The Canadian stores of Texas-based arts and crafts retailer Michaels Stores Inc. were apparently unaffected by an eight-month security attack that ended in January and collected data on 3 million credit or debit cards, according to the company.
In a statement from CEO Chuck Rubin and a press release, the company said systems in its American stores and that of a U.S. subsidiary called Aaron Brothers “were attacked by criminals using highly sophisticated malware that had not been encountered previously by either of the security firms” hired to investigate the breach.
The statement issued last week said the retailer has now contained the malware and it is no longer a threat.
“The affected systems contained certain payment card information, such as payment card number and expiration date, about both Michaels and Aaron Brothers customers. There is no evidence that other customer personal information, such as name, address or PIN, was at risk in connection with this issue,” Rubin said on a company Web page.
Like the Target department store attack, which ran last fall, the attackers went after Michaels’ point of sale machines. The company figures about seven per cent of the cards used by customers were exposed, 2.6 million at Michaels and 400,000 at Aaron Brothers.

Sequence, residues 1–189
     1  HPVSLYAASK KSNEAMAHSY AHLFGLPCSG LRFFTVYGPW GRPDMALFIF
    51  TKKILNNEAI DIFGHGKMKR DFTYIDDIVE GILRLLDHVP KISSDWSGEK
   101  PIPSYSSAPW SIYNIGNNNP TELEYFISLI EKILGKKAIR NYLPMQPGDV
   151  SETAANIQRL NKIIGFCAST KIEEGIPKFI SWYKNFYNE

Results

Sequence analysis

The Michaels breach was discovered in January. There have been “limited reports” so far from payment card companies of fraudulent use of card numbers.
“We are truly sorry and deeply regret any inconvenience this may cause,” Rubin said. Our customers are always our number one priority and we are committed to retaining your trust and loyalty.”
To meet the worries of customers, identity protection and credit monitoring services are being offered to affected Michaels and Aaron Brothers shoppers in the U.S. for 12 months at no cost. The retailer is also offering access to a fraud assistance service for 12 months at no cost which will help them if they are victimized as a result of the breach.
“In an era where very sophisticated and determined criminals have proven capable of successfully attacking a wide range of computer networks, we must all increase our level of vigilance,” Rubin added. Michaels is committed to working with all appropriate parties to improve the security of payment card transactions for all consumers.”
The bot threat
Some of the most serious threats networks face today are "bots," remotely controlled robotic programs that strike in many different ways and deliver destructive payloads, self propagating to infect more and more systems and eventually forming a "botnet."